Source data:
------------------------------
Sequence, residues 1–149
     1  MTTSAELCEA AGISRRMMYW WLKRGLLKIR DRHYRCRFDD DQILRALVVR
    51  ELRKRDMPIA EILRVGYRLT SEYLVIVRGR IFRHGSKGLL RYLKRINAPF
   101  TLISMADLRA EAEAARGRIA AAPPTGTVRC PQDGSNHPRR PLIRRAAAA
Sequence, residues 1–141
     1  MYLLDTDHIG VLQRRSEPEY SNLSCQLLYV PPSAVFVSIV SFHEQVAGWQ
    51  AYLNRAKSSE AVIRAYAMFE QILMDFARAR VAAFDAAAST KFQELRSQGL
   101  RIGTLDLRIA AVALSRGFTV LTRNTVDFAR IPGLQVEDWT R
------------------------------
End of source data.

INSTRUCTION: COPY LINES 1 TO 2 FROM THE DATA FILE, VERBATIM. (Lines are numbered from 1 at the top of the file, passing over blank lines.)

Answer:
Sequence, residues 1–149
     1  MTTSAELCEA AGISRRMMYW WLKRGLLKIR DRHYRCRFDD DQILRALVVR